- Discover CSUB
- Admissions & Aid
- Student Life
- ASI (Student Government)
- Antelope Valley Campus
- Campus Dining
- Campus Programming
- Career Education & Community Engagement (CECE)
- Children's Center
- Counseling Center
- Health, Safety And Wellness
- Housing & Residence Life
- Services for Students with Disabilities
- Student Financial Services
- Student Organizations
- Student Recreation Center
- Student Rights & Responsibilities
- Student Union
- Vice President for Student Affairs
- News & Information
“The Talking Stick” brings African folktales to life for children March 17-18
March 08, 2012
Audiences of all ages will learn what it means to be a true friend in CSUB’s upcoming production of “The Talking Stick,” an original play by theater faculty member Kamala Kruszka that brings African folktales to life through drumming, dancing and puppetry. The play opens to the public with five performances on March 17 and 18 inside the Arena Theatre (adjacent to the Doré Theatre) at California State University, Bakersfield, 9001 Stockdale Highway. Admission is just $5 for adults and free for children 12 and younger. The play is recommended for ages 3 and up.
“Through our productions for young audiences, I hope that local families see theatre as a viable entertainment option for not only their children but for themselves as well,” said Kruszka. “I look for plays that don’t rely only on dialog to tell the story – that require movement and action as well. I also try to find plays that children can relate to and that present them with important themes.”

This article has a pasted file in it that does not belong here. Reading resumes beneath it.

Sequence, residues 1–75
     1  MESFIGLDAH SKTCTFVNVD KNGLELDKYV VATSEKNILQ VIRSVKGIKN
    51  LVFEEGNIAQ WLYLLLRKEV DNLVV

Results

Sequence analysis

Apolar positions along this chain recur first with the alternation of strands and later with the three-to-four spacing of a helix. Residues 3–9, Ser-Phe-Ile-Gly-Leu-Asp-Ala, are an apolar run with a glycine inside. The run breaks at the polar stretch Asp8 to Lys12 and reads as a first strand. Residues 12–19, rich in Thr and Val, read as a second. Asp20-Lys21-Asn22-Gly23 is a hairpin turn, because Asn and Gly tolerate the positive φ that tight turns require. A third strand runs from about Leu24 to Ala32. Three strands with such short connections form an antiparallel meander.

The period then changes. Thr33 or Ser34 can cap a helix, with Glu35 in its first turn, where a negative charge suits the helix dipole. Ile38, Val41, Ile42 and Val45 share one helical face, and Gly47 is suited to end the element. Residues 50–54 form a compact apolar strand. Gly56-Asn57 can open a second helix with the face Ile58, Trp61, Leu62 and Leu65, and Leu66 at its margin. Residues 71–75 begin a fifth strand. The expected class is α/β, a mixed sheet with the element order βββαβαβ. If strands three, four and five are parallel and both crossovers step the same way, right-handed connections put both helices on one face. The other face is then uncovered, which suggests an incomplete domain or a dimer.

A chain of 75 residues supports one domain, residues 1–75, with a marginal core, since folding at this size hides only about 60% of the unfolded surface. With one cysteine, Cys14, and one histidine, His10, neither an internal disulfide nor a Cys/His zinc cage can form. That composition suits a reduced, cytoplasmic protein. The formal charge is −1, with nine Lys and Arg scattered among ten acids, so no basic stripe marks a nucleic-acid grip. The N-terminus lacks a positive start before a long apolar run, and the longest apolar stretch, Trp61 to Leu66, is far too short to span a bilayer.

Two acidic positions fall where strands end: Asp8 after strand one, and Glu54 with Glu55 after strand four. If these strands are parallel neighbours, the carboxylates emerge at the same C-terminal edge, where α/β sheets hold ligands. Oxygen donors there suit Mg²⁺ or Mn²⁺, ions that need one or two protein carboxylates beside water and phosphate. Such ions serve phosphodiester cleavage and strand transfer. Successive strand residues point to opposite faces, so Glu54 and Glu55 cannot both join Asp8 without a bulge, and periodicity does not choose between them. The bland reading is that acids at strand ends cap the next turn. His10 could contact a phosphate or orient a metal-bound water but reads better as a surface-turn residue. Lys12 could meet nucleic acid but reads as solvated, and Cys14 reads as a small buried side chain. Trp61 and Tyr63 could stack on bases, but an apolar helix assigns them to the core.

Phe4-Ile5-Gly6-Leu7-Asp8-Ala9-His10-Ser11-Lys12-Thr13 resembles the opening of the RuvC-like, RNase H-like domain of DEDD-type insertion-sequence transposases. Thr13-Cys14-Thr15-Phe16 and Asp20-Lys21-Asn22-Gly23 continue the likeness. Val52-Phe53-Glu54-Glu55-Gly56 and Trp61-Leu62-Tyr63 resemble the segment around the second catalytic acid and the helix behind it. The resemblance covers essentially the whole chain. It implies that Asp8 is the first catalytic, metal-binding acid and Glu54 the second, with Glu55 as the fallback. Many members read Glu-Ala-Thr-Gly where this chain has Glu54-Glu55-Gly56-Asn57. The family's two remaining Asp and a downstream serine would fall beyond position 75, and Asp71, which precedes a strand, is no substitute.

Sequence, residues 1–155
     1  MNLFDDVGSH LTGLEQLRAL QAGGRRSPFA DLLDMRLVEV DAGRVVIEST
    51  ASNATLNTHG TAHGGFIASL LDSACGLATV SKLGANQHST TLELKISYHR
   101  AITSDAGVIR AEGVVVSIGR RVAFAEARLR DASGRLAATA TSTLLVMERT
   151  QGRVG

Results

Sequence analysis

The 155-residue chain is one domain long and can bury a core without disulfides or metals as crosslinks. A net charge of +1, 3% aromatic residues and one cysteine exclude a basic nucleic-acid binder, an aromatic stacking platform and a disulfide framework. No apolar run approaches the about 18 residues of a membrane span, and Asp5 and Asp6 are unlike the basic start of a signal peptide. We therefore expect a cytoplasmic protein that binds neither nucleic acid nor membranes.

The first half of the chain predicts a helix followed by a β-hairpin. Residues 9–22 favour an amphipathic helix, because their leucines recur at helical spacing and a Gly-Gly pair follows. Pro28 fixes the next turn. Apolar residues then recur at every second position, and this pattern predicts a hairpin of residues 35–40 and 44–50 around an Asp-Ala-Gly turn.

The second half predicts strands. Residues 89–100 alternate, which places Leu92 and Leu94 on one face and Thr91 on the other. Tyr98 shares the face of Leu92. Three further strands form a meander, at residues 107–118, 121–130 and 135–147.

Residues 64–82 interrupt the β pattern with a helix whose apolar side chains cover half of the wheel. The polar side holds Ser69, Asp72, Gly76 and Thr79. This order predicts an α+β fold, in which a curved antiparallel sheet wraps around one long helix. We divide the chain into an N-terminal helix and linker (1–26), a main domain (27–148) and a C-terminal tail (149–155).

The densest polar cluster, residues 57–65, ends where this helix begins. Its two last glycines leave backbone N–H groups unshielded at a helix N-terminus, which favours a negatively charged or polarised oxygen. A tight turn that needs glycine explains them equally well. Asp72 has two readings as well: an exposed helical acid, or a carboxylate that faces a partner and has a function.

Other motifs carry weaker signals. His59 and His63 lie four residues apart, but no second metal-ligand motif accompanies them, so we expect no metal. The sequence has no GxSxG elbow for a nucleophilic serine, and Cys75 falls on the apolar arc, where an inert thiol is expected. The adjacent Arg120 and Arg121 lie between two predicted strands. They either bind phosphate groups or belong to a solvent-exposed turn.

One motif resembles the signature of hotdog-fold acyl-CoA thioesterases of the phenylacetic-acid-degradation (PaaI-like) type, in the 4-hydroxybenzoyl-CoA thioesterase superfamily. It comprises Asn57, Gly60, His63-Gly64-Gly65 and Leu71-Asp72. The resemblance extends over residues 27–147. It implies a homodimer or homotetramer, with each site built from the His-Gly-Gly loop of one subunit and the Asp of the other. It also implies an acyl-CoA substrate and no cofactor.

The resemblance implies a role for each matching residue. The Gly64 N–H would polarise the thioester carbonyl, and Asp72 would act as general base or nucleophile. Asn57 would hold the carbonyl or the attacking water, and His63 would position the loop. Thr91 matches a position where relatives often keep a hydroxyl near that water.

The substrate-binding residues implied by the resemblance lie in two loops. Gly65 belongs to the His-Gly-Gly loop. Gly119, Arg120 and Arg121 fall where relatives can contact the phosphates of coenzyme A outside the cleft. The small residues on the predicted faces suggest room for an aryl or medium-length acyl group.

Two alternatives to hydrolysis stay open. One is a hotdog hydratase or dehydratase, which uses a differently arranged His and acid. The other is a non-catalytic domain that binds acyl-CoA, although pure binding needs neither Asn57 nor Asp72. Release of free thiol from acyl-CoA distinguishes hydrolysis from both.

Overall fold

“The Talking Stick” explores the themes of trust, honesty, humility and forgiveness in four traditional African tales. A cast of seven student actors utilize giant puppets to portray animals such as a lion, elephant, tortoise, monkey and hippopotamus. They also engage the audience with music and movement in the forms of African drumming and dance. The actors use the “talking stick” to guide them through each story they tell.
“The title refers to a stick found in African cultures used by storytellers,” Kruszka said. “According to my research, users believe that the talking stick has a spirit inside that brings power to the storyteller and helps the person speak the truth. Similar to Native American talking sticks, when the holder speaks, all others must listen out of respect.”
In addition to the March performances, CSUB students will take the show on a tour to local schools and day care centers during spring quarter in April and May. While the performances are already booked, Kruszka invites those interested to contact her at 661-654-6070 or firstname.lastname@example.org to be added to the notification list when the next production is scheduled.
Show times for “The Talking Stick” are at noon, 2 p.m. and 4 p.m. on March 17 and at noon and 2 p.m. on March 18. Parking is free in Lots B and C. Seating is limited; reservations are recommended by calling 661-654-6070.
For More Information
Contact CSUB Public Affairs